War declared on exotic pests – Researchers on snail trail

A NEW $4.6 million national research project is set to provide Australian grain growers with new tools and management techniques to combat snails.

The aim is to minimise losses and improve market opportunities for affected crops.

Exotic snail species established in Australia as early as the 1920s and have become major pests of grain crops.

In addition to attacking crops, snails climb crop plants in spring and contaminate harvested grain, resulting in substantial management costs, grain yield and value losses, opportunity costs, and market risks.

The four-year project has investment from the Grains Research and Development Corporation and is led by the University of Adelaide in collaboration with the South Australian Research and Development Institute, working with University of South Australia, CSIRO, the Western Australian Department of Primary Industries and Regional Development and other research partners.

Lead researcher from the University of Adelaide, Dr Kym Perry, said that snail management has improved over the years through the concerted efforts of growers, researchers, and funding bodies working together, but snails remain a costly and difficult target for management.

Crop damage, harvest delays, and grain value downgrades at delivery, are common occurrences for growers in affected areas.

“Mediterranean snails create substantial pre- and post-farm gate costs for affected growers and reputational risks for Australian grain that can affect international trade,” Dr Perry said.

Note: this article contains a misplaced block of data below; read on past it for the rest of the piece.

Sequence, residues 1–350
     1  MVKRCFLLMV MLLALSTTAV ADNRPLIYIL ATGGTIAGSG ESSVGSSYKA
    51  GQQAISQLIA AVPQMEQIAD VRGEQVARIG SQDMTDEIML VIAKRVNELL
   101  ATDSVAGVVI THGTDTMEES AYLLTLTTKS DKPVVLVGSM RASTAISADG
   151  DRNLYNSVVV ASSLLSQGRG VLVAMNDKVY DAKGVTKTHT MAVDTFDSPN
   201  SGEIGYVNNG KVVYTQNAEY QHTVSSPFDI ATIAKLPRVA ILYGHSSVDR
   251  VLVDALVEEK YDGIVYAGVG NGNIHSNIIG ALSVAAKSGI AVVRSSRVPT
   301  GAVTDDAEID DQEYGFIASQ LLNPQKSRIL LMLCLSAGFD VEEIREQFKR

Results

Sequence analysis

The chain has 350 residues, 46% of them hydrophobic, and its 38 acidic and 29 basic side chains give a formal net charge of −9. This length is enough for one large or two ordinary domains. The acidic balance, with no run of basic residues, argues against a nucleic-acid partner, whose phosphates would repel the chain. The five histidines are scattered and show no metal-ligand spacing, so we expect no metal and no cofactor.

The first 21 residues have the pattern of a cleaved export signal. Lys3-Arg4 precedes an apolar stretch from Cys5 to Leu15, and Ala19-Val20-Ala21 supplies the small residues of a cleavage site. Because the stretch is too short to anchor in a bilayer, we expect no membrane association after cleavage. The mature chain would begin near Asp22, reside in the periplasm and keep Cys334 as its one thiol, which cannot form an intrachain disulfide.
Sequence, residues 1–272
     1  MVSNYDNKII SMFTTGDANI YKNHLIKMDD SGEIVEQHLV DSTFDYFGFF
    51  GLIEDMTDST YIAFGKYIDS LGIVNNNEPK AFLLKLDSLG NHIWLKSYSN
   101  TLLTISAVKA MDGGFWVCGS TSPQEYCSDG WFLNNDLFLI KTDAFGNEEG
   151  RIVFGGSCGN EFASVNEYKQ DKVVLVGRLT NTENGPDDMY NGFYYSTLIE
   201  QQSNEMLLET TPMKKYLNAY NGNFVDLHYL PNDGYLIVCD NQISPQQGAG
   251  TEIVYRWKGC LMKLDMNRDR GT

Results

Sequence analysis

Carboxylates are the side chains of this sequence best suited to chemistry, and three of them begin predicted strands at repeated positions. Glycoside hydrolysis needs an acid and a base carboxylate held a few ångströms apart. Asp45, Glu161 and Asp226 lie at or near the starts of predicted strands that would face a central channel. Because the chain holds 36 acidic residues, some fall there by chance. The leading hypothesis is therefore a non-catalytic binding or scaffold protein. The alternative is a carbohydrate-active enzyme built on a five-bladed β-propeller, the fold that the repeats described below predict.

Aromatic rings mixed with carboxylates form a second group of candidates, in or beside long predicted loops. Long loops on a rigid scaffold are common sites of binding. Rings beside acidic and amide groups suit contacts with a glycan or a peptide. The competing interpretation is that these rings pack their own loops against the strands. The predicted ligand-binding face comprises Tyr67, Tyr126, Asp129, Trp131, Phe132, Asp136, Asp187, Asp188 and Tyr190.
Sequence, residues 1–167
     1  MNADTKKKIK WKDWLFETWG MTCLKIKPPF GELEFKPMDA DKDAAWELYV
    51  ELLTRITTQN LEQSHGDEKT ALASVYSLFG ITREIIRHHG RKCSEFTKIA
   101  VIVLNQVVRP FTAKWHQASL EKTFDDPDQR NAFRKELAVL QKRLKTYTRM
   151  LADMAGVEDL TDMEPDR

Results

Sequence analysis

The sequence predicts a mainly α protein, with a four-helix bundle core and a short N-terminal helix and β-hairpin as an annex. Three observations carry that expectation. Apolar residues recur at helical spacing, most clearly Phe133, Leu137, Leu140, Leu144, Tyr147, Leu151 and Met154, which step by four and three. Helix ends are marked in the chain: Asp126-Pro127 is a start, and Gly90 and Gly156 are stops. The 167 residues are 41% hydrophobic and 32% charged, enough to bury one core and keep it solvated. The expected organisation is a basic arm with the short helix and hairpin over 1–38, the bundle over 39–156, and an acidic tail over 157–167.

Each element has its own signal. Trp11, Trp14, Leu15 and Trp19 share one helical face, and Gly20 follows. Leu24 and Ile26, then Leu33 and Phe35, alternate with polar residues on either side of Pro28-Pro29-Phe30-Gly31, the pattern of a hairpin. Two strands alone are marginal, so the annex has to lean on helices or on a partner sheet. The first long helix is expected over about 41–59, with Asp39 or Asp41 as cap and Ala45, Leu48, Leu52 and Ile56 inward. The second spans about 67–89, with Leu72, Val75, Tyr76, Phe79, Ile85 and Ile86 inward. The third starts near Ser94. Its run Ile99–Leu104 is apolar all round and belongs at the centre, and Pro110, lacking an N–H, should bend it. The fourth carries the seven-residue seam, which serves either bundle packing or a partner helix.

“Snails are particularly abundant in some coastal regions but occur in a wide range of cropping environments where they have spread by hitchhiking on vehicles and fodder.”

The project will target four species of Mediterranean pest snails: the vineyard snail, the white Italian snail, the conical snail, and the small pointed snail.

Conical snails are a focus of the project because their habit of sheltering in cryptic places, small size, and large populations, make them particularly difficult for growers to manage using existing control methods.

Dr Perry said the project would examine a range of physical, cultural, chemical, and biological tools and technologies with a view to expanding grain growers’ toolkit to combat these pests.

“Field and laboratory work will investigate the effects of feeding preferences, crop rotations, migration habits, and snail barriers and attractants on snail populations,” Dr Perry said.

Several new prototype technologies for snail monitoring and control are being developed and tested.

In addition, the project will explore tools to assist with the mechanical destruction of snails in paddocks in summer, and electrostatic separation of snails and grain post-harvest.

In the area of biological control, a parasitoid fly will be released in Western Australia for the first time to help suppress conical snails.

GRDC Manager – Pests, Leigh Nelson, said that snails are highly disruptive and costly for grain growers in affected areas, particularly during harvest when grain can be contaminated and cause value downgrades at receival points.

“Despite significant changes in farming practices and technology, it has been more than 20 years since engineering, cultural practices and other technological solutions for snail control have been assessed holistically,” Ms Nelson said.